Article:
Israeli Professor Awarded Top Math Prize
The Norwegian Academy of Science and Letters announced Wednesday that it will award the Abel Prize for mathematics to Israeli-American Hillel Furstenberg and Russian-American Gregory Margulis, both probability experts.
The pair were honored “for pioneering the use of methods from probability and dynamics in group theory, number theory and combinatorics,” the Academy said in a statement.
Furstenberg is a professor emeritus at the Hebrew University of Jerusalem and a member of the Israel Academy of Sciences and Humanities and US National Academy of Sciences. The Abel Prize, often referred to as the Nobel of Mathematics, was established by the Government of Norway in 2001 to recognize contributions that are of “extraordinary depth and influence.” It carries a cash award of 7.5 million Norwegian Kroners ($834,000).
Furstenberg, a Berlin-born Kristallnacht survivor, is the first Israeli to win this prestigious prize. His family fled Nazi Germany in 1939 and settled in the United States. After teaching at several leading American universities, including Princeton, MIT and the University of Minnesota, Furstenberg moved to Israel in 1965 to join Hebrew University’s Einstein Institute of Mathematics. This move helped establish Israel as a world center for mathematics, and Furstenberg went on to win the Israel Prize in 1993 and the Wolf Prize in 2007.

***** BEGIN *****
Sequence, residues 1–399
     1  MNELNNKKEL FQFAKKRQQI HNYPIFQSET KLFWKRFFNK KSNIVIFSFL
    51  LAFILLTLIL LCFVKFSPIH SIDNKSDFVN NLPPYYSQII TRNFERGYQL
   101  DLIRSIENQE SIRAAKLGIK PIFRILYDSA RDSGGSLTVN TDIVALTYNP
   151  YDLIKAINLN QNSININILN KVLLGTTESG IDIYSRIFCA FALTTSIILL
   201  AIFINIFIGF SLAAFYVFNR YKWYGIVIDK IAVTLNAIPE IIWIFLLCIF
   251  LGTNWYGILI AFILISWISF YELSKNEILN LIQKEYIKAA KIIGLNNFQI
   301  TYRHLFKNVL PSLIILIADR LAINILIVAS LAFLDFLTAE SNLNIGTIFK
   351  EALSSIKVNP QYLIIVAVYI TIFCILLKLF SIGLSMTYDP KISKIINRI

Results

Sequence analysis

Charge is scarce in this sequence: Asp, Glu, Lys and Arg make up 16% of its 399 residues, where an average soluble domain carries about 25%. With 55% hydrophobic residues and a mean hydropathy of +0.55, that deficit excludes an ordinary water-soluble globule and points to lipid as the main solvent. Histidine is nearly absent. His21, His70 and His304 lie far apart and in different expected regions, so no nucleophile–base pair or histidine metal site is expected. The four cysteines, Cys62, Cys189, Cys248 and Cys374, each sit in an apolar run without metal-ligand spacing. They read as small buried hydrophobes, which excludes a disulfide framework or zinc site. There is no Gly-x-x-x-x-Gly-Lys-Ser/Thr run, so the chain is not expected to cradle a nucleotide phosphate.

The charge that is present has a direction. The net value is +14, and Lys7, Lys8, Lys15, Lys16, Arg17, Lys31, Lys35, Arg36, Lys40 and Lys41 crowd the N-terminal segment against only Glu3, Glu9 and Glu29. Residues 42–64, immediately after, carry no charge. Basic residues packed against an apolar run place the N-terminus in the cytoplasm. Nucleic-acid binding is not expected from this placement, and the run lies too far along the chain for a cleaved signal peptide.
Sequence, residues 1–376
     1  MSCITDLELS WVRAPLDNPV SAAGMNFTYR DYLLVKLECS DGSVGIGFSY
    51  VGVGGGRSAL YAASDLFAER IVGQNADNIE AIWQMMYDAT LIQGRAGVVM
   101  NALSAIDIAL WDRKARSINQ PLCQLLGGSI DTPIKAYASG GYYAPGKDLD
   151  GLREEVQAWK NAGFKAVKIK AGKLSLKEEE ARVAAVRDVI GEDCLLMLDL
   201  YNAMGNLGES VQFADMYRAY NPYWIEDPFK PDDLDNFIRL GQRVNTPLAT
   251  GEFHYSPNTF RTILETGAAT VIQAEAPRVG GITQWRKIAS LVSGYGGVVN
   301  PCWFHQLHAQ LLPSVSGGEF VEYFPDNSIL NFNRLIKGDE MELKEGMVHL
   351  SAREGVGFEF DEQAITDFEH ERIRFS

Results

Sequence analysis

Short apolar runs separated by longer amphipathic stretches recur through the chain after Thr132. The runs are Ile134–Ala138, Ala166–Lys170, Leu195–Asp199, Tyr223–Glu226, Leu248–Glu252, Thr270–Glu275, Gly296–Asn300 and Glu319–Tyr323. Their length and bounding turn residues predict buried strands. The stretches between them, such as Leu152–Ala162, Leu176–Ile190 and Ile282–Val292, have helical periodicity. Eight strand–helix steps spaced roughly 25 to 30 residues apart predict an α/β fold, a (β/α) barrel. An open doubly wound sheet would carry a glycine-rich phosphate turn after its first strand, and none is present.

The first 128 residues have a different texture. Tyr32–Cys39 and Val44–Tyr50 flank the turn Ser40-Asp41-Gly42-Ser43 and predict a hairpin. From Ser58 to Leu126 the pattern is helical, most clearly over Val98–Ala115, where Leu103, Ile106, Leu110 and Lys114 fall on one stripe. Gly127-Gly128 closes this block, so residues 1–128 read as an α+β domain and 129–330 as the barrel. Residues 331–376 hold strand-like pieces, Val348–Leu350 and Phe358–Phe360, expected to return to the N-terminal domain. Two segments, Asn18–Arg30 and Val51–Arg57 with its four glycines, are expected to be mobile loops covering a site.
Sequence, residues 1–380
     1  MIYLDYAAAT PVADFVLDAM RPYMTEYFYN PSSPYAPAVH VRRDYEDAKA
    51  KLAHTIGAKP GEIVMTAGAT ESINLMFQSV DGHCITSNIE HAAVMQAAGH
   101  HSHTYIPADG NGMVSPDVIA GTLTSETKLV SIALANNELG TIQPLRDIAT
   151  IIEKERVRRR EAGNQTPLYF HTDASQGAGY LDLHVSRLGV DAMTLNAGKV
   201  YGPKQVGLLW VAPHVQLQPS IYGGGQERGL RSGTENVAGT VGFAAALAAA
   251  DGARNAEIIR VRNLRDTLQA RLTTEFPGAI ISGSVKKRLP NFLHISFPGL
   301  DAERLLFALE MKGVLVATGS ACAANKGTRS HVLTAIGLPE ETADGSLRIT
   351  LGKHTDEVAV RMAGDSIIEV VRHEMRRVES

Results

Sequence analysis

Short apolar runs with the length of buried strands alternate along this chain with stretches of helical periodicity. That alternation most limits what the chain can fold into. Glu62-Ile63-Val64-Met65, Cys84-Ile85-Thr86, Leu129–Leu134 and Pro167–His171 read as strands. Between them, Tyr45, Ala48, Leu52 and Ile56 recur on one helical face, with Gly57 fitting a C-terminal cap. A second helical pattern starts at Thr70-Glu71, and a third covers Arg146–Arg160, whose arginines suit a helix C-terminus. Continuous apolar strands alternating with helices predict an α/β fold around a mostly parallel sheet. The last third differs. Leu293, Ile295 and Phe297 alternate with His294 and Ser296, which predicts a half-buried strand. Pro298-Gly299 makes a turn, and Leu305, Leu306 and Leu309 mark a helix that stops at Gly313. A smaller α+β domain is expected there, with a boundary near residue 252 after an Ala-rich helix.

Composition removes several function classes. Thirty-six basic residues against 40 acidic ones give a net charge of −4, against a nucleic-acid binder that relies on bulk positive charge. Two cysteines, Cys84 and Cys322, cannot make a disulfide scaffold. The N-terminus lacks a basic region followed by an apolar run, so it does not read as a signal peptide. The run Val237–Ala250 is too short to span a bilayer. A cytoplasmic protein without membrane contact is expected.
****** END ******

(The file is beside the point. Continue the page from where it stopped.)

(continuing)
“Professor Furstenberg’s Abel Prize is a true honor for Hebrew University and for Israel, as a whole”, shared Hebrew University President Professor Asher Cohen. “Hillel is not only a world-class mathematician but a mensch and mentor to scores of students who have already changed the face of mathematics. We couldn’t be prouder of his award, a Nobel-level achievement.”
Like Furstenberg, Russian-born Margulis was also heralded as a leading mathematician from a young age. However, being Jewish in the Soviet Union meant Margulis was unable to secure a job at Moscow University and he ultimately emigrated to the United States and began working at Yale University. Due to the 10 years’ age difference between them and to travel restrictions in the Soviet Union, the two laureates did not formally collaborate, however, they did influence each other’s work.
This year’s Abel Prize Award Ceremony will take place at a later date when King Harald V of Norway will present the Abel Prize to the laureates. The original ceremony, scheduled for May 19, has been postponed due to the corona outbreak.